Friday, March 7, 2008

CMW - Day 1

For those of you who don't know, I'm currently in Toronto covering the CWM music festival. Now you know. While I'm sure I could try to be professional about this, like a real critic, I'll level with you; I'm here to have fun first, and to write about shows seventh. Yes, I get very drunk at shows. Yes, I heckle bands I don't like. Yes, I sing along to songs I love. Yes, I am a biased, crude, and judgmental reviewer. And yes, this is going to be pure fucking awesome.

Last night I went to the Tattoo rock club, and to give you an idea of the night, I have to go back there again tonight, before heading to the Horseshoe, because I got too drunk and left my Mastercard behind the bar. Go me. The lineup was pretty exciting; Econoline Crush, The Ending, Daniel Wesley, Rides Again, and Grady (fronted by the amazing Gordie Johnson).

In the 90's I was actually a pretty big Econoline Crush fan. You see, Trevor Hurst, the frontman of Econoline grew up in Virden, Manitoba; a town roughly 30 minutes away from my own little slice of heaven. Virden once boasted the teen pregnancy capital of Canada award, and who knows, Hurst may have had something to do with that. When I saw them on the bill, I was pretty stoked to hear them play, primarily since they hadn't done anything together in years. Hurst had left the band for a long time to put together a solo project called, go figure, Hurst. How or why the guys decided to reunite for a show was beyond me, but exciting nonetheless.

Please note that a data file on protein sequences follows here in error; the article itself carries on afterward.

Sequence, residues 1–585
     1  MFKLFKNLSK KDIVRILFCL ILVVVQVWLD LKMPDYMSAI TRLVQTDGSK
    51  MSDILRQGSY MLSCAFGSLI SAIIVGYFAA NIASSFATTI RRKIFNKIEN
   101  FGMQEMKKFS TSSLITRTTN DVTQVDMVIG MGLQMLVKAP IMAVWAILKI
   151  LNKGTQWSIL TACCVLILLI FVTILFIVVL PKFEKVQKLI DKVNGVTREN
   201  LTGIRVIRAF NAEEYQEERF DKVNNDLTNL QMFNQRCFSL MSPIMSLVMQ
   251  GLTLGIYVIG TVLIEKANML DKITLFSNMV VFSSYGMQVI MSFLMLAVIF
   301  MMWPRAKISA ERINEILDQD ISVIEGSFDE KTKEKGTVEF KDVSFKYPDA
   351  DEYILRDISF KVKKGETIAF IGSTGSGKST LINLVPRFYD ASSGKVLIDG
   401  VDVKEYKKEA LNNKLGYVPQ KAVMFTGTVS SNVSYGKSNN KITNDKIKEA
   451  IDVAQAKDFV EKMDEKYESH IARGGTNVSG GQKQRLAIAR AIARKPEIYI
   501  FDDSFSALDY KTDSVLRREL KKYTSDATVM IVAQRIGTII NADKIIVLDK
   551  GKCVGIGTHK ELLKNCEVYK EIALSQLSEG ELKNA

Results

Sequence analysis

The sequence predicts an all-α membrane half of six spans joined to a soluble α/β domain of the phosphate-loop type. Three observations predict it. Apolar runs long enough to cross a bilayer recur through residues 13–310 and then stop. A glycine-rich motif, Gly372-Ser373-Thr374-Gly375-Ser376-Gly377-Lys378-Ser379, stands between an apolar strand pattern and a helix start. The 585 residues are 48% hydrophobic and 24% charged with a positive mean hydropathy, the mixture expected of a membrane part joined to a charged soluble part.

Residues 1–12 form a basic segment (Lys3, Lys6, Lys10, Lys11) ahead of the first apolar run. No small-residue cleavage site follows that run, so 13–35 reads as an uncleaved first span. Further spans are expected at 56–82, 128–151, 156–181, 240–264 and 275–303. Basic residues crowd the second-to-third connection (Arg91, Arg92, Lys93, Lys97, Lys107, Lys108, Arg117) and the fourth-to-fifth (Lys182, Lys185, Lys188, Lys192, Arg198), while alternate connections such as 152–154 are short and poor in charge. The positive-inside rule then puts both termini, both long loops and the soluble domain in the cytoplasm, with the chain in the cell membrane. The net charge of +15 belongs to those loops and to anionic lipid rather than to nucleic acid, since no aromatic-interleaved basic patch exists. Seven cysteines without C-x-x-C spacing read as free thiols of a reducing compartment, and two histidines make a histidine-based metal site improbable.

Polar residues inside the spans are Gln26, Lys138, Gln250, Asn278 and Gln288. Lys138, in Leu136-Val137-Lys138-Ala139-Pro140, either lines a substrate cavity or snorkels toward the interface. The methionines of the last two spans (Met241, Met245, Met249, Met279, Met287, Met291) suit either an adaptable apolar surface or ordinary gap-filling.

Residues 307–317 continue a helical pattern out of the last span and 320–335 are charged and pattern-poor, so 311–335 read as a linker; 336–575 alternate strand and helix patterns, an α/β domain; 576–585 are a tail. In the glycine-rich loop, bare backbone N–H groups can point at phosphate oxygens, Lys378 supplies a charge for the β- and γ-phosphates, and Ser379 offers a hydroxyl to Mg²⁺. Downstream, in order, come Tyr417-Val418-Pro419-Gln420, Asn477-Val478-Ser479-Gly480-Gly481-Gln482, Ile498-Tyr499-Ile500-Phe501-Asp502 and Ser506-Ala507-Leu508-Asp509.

All that being said, I got loaded with my friends Dave and Andrea at some Irish Pub and missed them. I'm sure they put on one hell of a show.

After flirting with the coat check girl, I waltzed in the door (1-2-3, 1-2-3, for real real) in the middle of The Ending's set. While initially, they sounded like complete ass, I wasn't prepared to judge the group until I was truly "concert ready." After grabbing a pint at the bar, I finally sat back and took a listen to the Ending. They weren't actually that bad, they were worse. I will admit to being stuck in the 90's, particularly in terms of a great deal of my musical taste. However, this band was stuck in the bad parts of the 90's. Kind of like someone saying they really miss music from the 1970's, when in fact they're referring to Disco, not classic rock. Four old men stood motionless on stage and played repetitive power chord driven, vocal third integrated rock ballads. They were tight as all hell, but giving someone that compliment is like saying, "they fight well" for someone kicking the living shit out of a hallucinating, narcoleptic bunny rabbit with a broken rear leg.

Speaking of Narcoleptic, Jesse arrived with some of the TiB crew around the time this band finally had their 'Ending'. After this bitter opening, I was cautious of things to come. As such, when our second band (third for those of you holding a grudge about the Econoline thing) took the stage, I was ready to pounce, claws out. Daniel Wesley's first song sounded a bit like Sublime, so immediately, I chalked them up to some rip off band that didn't deserve the time of day. For the record, don't let me do things like that.